Beyond the participation in the technical and operational exchange, civil society has no designated role in implementing the German NAP – as it is, for example, the case in Nigeria or Ireland, where civil society is responsible for the implementation of specific activities outlined in the NAPs. While such a joint responsibility in implementing a NAP can impact civil society’s independence (and thus its ability to critically evaluate the government’s work) and raises important questions about the government’s accountability to fulfil its commitments, these examples show that civil society can support the NAP implementation in various ways – some of which might be interesting for the German context.

Assessing the NAP: Establishing Indicators, Timeframes, and Regular Reporting

The consultative meetings offer German civil society the opportunity to monitor the progress of the implementation of the NAP, as the various ministries report on their past and planned activities. However, as the current NAP includes neither indicators nor a concrete timeframe, monitoring the progress has been a challenge for civil society. Moreover, while other governments, such as in the UK, report annually to parliament in writing, the German government only presents an implementation report at the end of each NAP period.

Clear indicators and timelines, more regular reporting as well as a specific body comprising civil society and the government responsible for monitoring the implementation, such as the Monitoring Group in Ireland (which also includes women affected by conflict) or the Technical Monitoring and Evaluation Task Force in Nigeria, could also greatly improve civil society’s ability to monitor progress.

Neither the first nor the second NAP was or will be evaluated or reviewed independently. In contrast, other governments see independent reviews as an opportunity to strengthen future NAPs. The Swiss government, for instance, recommended in its in-house progress report on its third NAP an independent report on the NAP’s implementation by civil society. This resulted in the report “Women, Peace, and Security – Reloaded”, a systemic review of the Swiss governments work on WPS financed by the government. Another example is the current Irish NAP, which will be evaluated after two years and at the end of the four-year-term by an independent consultant.

Moving Forward: Strengthen Cooperation With Civil Society Through Independent Reviews, Joint Committees, and Institutionalised Outreach to Conflict-Affected Regions

German civil society has welcomed the opportunities to shape the development and implementation of the NAP and to monitor the German government’s work in this regard. However, examples from other countries show that engagement with civil society could be strengthened. Going forward, the following (incomplete) list of recommendations could allow for stronger synergies between government and civil society to turn the WPS agenda into practice.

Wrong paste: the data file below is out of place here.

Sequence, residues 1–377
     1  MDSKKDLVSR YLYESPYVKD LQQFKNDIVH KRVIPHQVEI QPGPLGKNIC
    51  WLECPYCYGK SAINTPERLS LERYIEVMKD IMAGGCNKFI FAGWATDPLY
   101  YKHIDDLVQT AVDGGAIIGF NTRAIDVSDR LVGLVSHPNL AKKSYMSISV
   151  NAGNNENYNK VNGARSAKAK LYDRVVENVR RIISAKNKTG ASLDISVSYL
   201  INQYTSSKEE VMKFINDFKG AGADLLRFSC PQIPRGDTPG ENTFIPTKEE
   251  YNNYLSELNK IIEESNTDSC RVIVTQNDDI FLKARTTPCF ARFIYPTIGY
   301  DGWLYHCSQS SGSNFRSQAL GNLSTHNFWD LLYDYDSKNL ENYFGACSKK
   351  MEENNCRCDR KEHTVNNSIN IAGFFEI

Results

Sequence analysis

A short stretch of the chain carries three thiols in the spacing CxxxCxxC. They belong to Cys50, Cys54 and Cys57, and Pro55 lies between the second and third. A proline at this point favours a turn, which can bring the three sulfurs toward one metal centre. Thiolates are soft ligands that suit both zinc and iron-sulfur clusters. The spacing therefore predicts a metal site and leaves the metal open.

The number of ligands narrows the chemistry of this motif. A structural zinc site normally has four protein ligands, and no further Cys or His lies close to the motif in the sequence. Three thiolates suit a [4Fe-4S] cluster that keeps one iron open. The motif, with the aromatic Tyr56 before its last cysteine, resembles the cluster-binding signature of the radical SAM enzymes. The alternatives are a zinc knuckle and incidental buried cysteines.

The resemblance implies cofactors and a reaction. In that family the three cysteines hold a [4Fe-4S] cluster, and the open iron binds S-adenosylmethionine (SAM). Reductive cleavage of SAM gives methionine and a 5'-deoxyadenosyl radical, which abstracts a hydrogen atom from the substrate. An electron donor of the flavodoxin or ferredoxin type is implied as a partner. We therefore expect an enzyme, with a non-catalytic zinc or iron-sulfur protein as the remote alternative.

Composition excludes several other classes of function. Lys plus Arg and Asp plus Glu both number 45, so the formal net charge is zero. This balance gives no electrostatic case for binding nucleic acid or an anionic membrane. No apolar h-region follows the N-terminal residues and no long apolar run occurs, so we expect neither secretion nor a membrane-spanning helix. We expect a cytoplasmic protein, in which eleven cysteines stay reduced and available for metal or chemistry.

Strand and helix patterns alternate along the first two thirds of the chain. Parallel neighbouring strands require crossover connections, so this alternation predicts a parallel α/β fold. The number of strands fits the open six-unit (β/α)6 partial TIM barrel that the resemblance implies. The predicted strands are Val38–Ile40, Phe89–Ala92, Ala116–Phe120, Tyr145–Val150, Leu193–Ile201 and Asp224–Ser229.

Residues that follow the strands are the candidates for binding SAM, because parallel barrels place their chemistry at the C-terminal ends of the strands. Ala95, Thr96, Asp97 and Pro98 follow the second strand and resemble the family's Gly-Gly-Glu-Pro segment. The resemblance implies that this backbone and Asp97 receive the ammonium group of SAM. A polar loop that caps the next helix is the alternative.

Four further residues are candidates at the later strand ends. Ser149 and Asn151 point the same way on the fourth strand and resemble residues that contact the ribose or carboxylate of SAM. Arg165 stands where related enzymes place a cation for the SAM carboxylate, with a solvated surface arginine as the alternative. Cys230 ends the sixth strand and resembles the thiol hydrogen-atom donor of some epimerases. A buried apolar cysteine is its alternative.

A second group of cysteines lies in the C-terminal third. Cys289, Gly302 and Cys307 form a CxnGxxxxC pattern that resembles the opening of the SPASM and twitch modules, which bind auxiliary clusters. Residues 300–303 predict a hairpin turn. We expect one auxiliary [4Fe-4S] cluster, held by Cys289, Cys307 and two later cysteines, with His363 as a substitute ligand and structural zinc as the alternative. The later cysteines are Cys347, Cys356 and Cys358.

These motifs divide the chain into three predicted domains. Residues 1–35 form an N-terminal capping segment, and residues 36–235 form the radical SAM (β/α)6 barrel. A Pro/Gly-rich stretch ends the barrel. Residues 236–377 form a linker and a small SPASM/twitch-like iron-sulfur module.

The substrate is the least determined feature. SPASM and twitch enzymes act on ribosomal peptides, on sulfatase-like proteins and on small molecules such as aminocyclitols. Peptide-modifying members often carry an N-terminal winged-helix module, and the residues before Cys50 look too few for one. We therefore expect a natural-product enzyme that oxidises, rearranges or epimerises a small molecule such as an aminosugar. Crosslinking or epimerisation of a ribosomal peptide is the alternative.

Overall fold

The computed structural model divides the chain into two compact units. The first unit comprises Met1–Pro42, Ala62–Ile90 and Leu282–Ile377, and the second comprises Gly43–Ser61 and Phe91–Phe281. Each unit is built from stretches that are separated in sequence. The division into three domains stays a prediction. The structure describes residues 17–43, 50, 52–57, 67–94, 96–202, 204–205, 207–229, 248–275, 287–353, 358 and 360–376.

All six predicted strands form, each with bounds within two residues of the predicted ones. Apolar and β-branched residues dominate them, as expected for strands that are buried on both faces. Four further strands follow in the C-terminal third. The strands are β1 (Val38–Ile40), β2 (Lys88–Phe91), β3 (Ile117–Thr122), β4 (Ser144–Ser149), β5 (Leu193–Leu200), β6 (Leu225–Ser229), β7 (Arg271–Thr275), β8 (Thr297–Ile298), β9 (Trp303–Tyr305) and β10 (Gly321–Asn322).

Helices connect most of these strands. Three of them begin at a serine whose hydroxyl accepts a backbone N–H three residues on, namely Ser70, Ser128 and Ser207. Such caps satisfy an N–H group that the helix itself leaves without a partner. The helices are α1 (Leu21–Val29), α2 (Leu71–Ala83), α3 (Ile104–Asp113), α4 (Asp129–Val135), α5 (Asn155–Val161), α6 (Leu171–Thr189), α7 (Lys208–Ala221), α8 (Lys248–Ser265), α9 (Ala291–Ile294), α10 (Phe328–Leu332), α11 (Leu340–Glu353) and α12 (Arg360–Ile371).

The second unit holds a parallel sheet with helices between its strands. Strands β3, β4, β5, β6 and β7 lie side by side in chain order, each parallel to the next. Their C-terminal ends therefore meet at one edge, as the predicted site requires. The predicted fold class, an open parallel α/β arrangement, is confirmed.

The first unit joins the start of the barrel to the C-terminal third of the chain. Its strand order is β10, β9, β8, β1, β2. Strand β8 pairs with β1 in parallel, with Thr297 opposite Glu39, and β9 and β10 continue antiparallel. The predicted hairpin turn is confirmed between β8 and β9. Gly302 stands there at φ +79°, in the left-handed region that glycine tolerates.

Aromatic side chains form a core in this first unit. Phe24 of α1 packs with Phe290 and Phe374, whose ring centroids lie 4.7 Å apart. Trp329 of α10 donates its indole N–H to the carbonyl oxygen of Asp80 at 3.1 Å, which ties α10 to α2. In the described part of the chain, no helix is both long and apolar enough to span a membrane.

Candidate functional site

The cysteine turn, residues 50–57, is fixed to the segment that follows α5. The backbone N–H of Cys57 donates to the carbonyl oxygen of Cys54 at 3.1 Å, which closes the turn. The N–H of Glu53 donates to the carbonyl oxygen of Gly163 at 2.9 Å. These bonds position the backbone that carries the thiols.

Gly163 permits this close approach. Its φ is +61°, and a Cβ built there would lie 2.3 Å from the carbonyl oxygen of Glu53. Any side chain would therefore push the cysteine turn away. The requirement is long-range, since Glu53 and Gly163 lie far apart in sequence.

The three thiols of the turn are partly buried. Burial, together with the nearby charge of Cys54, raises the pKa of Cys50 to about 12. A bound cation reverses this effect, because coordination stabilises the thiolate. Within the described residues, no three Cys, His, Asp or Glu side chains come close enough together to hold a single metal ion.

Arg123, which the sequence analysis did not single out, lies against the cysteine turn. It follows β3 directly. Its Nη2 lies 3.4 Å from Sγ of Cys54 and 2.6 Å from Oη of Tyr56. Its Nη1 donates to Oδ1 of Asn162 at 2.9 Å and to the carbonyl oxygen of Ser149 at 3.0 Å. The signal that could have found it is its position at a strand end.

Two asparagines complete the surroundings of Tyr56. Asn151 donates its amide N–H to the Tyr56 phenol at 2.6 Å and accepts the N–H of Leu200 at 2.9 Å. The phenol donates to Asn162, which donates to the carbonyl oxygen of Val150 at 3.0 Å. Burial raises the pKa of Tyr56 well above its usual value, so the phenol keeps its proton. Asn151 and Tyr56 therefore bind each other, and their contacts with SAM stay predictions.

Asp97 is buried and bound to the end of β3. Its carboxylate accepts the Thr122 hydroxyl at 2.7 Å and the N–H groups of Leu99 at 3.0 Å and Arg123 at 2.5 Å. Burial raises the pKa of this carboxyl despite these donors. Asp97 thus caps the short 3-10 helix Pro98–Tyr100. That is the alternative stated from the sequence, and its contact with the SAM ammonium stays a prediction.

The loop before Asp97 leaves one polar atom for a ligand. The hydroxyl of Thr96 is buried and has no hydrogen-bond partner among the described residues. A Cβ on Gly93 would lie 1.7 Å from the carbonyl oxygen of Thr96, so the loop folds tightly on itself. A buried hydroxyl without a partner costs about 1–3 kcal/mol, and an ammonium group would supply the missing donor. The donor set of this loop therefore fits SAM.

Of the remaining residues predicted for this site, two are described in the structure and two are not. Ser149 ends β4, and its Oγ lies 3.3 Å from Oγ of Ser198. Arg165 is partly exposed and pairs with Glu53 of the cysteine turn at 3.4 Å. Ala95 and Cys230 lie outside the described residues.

• Establish a committee comprising civil society, including from conflict-affected areas, and government representatives responsible for drafting the next NAP.
  • Jointly discuss with civil society how to better structure the consultative formats to allow for more substantial discussions on progress, challenges, and possibilities of the NAP and its implementation.
  • Report annually in writing to the parliament on the progress of implementing the NAP. Encourage and support shadow reports by civil society, including from conflict-affected areas.
  • After each implementation phase, commission an independent evaluation of the NAP and its implementation.  
  • Institutionalise consultations with women and feminist civil society affected by conflict in all phases of National Action Plans.
  • Institutionalise consultation with civil society in all policy processes on peace and security, not only those related to the WPS agenda, and encourage the participation of all relevant ministries in the technical-operational exchanges.
  • Ensure that civil society is adequately compensated for their expertise and work in support of NAPs.


For more information on what the German civil society would like the upcoming NAP to look like, see “The Women, Peace, and Security” Agenda. Implementation Matters”, which has been authored by 17 German NGOs, including the Centre for Feminist Foreign Policy. The authors would like to thank Nicola Popovic for her input.

Politikkohärenz Zivilgesellschaft Frauen

Nina Bernarding

Nina Bernarding is Co-Director of the Centre for Feminist Foreign Policy in Germany. @NinaBernarding

Kristina Lunz

Kristina Lunz ist Mitbegründerin und Deutschlanddirektorin der Organisation Centre for Feminist Foreign Policy. Sie arbeitete zuvor beim Entwicklungsprogramm der Vereinten Nationen (UNDP) in New York sowie in Myanmar.